The End of the Arndale
It was the last year that January sales were a real thing. We were braving the shopping centre. There was a feeling of unease right from the get-go, right from when we were going in. Well. No. Before that. People were leaving as we went in and those people leaving looked fraught beyond the usual. Faces verging on unhappy.
The first thing was the smell of burning plastic. The second was the pale haze that we noticed thickening in the air as we milled and pushed our way around. Not smoke, not quite, but something like smoke. We didn’t know what it was and neither did anybody else. People were just standing and sniffing or wincing and blocking up the thoroughfares.
The third thing was the lost little boy. We saw him standing there near a railing, with his hands up near his face. We thought at first that he was crying but we weren’t sure. Then we saw that he was crying, definitely. Or maybe he just started then at that very moment. His mouth opened and the sound came out. He was wearing a tiny parka and had his forefingers pressed against the tops of his cheeks for some reason. In amongst the sobs he was calling for his mother. Then he started walking very fast. We went after him, saying hey, shouting hey, wait there, we’ll find your mother. There was a crowd of us all chasing him. We lost sight of him sometimes but his voice was high and loud and easy to follow. Then he was caught up in some kind of fortuitous pincer, as a group of us approached him from the opposite direction. So we got him and once we got him we kept him there, saying don’t worry we’ll find your parents. Just don’t move around in case they’re coming here to find you.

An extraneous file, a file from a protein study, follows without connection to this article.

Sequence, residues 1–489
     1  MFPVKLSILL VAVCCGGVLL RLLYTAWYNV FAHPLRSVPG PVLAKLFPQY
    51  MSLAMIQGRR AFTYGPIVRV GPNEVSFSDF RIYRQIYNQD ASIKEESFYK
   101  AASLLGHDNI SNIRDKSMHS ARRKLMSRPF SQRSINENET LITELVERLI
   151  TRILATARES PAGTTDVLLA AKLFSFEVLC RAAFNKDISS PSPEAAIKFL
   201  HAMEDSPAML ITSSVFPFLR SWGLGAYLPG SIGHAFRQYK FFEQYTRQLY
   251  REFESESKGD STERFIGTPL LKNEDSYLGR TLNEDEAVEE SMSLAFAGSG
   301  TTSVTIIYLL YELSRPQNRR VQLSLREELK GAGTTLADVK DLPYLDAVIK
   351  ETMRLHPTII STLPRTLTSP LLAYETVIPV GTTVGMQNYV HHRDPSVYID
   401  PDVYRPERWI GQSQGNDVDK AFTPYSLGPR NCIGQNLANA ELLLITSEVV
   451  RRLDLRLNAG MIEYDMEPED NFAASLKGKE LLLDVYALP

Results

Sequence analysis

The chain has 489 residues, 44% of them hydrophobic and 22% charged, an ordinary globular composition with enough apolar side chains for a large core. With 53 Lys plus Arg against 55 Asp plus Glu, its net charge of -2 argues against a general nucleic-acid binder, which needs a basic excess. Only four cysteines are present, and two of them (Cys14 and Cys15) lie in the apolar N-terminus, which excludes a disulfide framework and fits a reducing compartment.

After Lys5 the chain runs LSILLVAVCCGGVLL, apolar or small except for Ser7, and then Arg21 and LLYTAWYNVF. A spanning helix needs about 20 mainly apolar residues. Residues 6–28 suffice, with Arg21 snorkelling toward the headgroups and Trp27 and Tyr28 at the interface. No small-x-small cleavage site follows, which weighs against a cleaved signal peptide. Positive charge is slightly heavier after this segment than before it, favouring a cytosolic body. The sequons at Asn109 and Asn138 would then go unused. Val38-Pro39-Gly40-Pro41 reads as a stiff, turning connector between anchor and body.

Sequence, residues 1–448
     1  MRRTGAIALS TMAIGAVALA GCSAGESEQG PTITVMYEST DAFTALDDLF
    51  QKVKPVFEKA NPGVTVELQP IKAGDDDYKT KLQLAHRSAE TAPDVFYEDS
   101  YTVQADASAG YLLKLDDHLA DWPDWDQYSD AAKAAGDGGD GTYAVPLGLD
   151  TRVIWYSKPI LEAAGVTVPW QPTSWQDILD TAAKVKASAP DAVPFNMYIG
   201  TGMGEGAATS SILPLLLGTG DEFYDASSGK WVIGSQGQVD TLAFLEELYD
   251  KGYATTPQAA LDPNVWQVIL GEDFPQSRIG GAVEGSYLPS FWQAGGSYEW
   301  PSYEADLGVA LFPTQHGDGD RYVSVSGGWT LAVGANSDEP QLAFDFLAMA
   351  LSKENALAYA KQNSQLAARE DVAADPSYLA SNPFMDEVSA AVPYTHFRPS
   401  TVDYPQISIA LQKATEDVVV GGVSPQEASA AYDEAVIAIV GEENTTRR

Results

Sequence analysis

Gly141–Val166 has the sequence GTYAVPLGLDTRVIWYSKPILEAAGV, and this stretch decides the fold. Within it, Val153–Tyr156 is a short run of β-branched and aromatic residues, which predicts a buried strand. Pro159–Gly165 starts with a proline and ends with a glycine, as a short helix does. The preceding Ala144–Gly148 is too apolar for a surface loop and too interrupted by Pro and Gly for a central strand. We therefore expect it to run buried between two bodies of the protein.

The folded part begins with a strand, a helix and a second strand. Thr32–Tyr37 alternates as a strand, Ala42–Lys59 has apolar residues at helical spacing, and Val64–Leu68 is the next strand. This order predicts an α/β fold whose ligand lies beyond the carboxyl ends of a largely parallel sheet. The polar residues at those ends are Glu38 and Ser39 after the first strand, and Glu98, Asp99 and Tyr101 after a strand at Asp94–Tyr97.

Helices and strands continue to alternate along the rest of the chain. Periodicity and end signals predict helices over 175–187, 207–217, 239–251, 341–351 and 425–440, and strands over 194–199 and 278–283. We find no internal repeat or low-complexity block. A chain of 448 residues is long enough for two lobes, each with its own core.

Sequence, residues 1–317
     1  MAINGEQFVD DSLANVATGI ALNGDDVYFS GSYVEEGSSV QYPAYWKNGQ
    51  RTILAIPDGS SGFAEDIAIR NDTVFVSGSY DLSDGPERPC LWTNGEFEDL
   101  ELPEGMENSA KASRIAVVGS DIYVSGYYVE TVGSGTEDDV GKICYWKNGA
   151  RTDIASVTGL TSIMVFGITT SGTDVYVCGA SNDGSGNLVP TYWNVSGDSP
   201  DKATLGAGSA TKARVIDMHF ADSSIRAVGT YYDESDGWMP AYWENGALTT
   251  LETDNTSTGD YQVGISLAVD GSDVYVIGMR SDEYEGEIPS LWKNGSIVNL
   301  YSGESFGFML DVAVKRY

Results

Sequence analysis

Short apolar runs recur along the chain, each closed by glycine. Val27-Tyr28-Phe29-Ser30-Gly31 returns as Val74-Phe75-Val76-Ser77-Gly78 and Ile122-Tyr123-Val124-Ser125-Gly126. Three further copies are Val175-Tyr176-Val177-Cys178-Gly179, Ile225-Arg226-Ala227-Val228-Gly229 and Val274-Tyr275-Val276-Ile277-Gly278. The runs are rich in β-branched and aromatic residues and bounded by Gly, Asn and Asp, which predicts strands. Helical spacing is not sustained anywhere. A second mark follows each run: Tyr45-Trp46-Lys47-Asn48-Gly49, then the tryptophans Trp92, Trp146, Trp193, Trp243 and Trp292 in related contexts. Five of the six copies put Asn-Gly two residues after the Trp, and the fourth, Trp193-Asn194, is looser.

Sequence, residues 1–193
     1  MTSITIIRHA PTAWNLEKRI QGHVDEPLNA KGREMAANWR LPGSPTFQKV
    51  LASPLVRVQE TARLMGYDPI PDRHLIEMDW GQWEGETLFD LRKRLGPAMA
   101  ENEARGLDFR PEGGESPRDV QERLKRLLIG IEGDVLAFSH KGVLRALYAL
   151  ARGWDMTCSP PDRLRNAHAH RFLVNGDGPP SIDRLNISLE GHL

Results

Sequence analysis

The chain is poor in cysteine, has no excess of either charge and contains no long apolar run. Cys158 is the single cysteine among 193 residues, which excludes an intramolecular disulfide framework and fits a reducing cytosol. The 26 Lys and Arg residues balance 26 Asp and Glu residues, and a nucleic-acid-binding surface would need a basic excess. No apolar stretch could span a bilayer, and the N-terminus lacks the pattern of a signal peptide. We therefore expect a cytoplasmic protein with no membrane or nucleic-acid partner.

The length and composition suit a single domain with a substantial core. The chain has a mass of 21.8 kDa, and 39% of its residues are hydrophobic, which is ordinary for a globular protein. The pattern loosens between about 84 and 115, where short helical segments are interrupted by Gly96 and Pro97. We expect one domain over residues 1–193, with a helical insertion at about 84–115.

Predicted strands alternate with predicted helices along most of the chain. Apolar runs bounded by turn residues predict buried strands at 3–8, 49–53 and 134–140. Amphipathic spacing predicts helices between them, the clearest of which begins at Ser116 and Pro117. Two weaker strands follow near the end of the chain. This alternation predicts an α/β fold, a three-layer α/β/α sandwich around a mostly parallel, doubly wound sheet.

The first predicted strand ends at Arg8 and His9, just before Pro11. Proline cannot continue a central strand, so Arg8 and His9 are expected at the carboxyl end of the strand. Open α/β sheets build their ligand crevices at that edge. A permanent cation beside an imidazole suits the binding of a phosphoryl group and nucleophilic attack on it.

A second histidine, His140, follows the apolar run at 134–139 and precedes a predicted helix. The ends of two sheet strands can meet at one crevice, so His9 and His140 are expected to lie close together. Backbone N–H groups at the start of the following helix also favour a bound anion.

One of us went to get a shop assistant but by the time the shop assistant came back there was a man there holding the little boy’s hand and the man was telling us all don’t worry, he’s OK, it’s OK, I’m his dad, he’s always running off. The man was shaking his head as he said these things. He seemed embarrassed. We didn’t know if he was the boy’s father or not but it would have been wrong to assume that he wasn’t and anyway, the boy had stopped crying, so we let them go.
The fourth thing was the second lost, crying child. Then we saw another and then a fourth. A fifth. It was as if there was one outside every shop, on every corner, one at the top of every jammed escalator. Their parents were all shopping we thought, or what else could they be doing?
Eventually the jammed escalators started squealing but there was nobody with the sufficient know-how around to turn them off. That burning plastic smell got stronger and stronger and the air more and more opaque. Everybody was of a mind to just get out by this point but so many people together in one place – it’s difficult to do much of anything. So it took most of us too long.